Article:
'50s Clothes for Men

Updated November 21, 2016

The era directly following World War II ushered in a whole new sense of fashion. 1950s fashions for men bring to mind the classic TV comedy "Happy Days" or movies such as "Grease," "American Graffiti" and "Back to the Future." All depict a happy-go-lucky time featuring preps, athletes and bikers in their signature styles and adult men in conservative dress.

Today, those who cherish the good old days can shop at vintage online stores where '50s style clothes are sold.

Shirts, Sweaters and Suits

Businessmen in the 1950s wore suits. Single-breasted suit coats, white dress shirts, conservative ties and wing-tipped dress shoes were the norm. Casual wear, such as the Aloha Hawaiian shirt, gained popularity as the '50s progressed. The "preppie" look also took hold in the 1950s. Teenagers started to dress more casually, sporting collared shirts underneath a loosefitting cardigan, crew neck or V-neck sweater. Bikers were noted for their white T-shirts with the sleeves rolled up, a pack of cigarettes hidden inside.


Men wore pleated slacks with their suits in the '50s, while chino trousers were introduced as casual wear. Chinos were first worn by men in the military in Europe and the U.S. In the 50s chinos passed into civilian wear and became very popular. Chinos, also known as khakis, were made of cotton twill and usually tan in colour.

Blue jeans, sometimes with the cuffs the legs rolled up, also became the style primarily from the influence of popular teen idols. Actors Marlon Brando, James Dean and rock and roll legend Elvis Presley all wore jeans and started a fashion craze.

Jackets and Coats

Businessmen wore wool or cashmere overcoats for work and dress. Men, young and old, wore zip-up jackets with casual wear. Some teens selected a version called a "chino jacket" that sported an emblem on the back. Black leather jackets, worn by bikers, made a statement. The wearers were labelled as rebellious and maybe even a bit mysterious. High school athletes, called "lettermen," wore varsity letter jackets with leather sleeves and wool panels front and back. The initials of the school's name adorned the breast of jacket. Various sports award emblems and pins were added to the jacket as its owner won accolades on the football field or basketball court.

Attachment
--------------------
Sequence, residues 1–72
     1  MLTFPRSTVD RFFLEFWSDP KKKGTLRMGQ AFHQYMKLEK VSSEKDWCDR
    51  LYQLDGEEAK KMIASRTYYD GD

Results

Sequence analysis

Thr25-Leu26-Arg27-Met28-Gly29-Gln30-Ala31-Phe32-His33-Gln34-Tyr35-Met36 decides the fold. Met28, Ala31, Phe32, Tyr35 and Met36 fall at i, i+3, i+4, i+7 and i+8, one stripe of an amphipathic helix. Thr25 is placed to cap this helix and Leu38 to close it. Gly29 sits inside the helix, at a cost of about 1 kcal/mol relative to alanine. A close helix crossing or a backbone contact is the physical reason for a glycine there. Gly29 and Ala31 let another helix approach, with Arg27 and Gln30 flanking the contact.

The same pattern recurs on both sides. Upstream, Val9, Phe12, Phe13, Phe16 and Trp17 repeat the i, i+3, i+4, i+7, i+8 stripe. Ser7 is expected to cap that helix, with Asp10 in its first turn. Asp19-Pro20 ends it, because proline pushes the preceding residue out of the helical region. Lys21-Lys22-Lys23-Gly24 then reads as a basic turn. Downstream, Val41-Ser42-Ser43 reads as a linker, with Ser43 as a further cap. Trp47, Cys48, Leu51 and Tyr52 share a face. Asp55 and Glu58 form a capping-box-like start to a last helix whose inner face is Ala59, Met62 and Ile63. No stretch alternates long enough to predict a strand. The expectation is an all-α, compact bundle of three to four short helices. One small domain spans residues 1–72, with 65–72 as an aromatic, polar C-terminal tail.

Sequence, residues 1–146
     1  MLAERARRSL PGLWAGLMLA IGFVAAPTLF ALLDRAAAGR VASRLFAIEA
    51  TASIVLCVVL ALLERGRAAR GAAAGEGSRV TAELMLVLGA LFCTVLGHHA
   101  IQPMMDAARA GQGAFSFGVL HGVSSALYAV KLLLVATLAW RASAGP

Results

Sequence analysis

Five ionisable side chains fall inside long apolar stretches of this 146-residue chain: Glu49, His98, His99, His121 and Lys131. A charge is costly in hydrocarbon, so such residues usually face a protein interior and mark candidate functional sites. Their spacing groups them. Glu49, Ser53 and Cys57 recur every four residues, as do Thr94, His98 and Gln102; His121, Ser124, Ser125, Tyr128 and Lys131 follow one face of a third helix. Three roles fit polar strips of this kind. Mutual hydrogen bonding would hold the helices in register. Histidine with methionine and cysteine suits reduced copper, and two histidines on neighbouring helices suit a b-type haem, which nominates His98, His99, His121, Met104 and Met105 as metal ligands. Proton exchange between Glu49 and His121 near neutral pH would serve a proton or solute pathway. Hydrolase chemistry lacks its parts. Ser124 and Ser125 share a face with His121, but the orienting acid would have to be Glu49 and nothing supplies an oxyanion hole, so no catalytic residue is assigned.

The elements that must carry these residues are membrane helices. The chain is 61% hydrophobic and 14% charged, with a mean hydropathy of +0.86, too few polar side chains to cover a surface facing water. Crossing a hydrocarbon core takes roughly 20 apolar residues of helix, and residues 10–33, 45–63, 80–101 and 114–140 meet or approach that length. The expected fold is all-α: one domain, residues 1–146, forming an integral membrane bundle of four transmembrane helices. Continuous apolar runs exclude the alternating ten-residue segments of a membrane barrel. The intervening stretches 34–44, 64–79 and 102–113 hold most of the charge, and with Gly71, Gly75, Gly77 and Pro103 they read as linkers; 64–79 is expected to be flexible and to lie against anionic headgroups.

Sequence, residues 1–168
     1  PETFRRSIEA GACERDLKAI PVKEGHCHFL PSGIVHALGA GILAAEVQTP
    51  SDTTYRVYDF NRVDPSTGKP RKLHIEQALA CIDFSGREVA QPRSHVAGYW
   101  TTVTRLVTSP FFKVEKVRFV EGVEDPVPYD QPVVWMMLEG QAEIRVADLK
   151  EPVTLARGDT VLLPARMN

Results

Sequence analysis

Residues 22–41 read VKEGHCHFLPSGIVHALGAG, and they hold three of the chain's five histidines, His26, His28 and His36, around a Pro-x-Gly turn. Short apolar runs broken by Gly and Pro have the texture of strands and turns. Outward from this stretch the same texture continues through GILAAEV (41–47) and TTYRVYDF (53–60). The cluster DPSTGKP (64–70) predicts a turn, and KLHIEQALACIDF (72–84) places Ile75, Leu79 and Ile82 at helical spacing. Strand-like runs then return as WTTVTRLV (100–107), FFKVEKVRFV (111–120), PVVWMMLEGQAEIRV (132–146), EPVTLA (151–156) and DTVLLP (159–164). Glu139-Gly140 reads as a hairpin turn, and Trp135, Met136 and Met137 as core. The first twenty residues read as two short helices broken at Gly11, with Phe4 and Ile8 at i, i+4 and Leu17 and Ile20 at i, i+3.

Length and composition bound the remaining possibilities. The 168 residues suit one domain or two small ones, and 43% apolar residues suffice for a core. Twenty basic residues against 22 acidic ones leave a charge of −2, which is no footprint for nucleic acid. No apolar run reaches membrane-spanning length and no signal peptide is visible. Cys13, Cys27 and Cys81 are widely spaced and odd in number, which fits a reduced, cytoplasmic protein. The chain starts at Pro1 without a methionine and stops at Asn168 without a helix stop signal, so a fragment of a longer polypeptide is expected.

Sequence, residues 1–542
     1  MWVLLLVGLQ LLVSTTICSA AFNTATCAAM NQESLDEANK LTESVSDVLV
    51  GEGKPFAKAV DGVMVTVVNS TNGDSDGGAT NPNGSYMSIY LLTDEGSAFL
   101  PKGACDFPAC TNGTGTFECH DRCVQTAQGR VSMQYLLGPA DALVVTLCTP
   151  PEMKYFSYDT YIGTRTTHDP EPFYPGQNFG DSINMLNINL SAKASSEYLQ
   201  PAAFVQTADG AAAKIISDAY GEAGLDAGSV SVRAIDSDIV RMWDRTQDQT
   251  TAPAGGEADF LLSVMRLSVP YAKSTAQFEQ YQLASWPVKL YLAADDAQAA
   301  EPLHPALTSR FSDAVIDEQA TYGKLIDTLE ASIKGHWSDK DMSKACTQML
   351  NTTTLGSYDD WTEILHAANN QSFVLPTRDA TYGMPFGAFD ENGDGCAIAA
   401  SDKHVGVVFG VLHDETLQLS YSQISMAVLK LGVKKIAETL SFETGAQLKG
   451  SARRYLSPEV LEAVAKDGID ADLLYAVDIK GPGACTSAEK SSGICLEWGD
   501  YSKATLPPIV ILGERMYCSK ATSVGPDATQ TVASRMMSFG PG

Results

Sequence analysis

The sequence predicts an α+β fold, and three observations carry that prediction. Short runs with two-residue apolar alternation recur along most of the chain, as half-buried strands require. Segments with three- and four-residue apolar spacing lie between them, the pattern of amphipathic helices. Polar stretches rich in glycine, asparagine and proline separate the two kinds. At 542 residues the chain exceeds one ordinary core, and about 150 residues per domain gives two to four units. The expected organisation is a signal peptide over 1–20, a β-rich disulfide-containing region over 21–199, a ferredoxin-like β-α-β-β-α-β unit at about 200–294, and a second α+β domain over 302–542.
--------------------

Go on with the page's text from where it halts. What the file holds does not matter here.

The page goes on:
Penny loafers came onto the scene in the '50s. For the first time, men could wear a comfortable slip-on shoe instead of tie shoes. The name of the shoe came from the pocket area on top where a coin could be slipped in. Saddle shoes were also very popular. A hard leather tie shoe, saddle shoes sported a black and white pattern that resembled a horse saddle. Businessmen wore leather tie shoes, often in a wingtip style.


Businessmen wore fedora style hats. These hats, made of felt and creased lengthwise on top, sometimes with the front brim bent slightly forward, were worn in public by many men in the early '50s. Only later in the decade did it become acceptable, at times, for men to go without a hat.

1950s beatniks were often seen wearing French Berets, scruffy beards and a somewhat sullen look. The look came from the French artists whom they emulated, to some degree. Other young men in the 1950s wore pillbox style hats with small brims.

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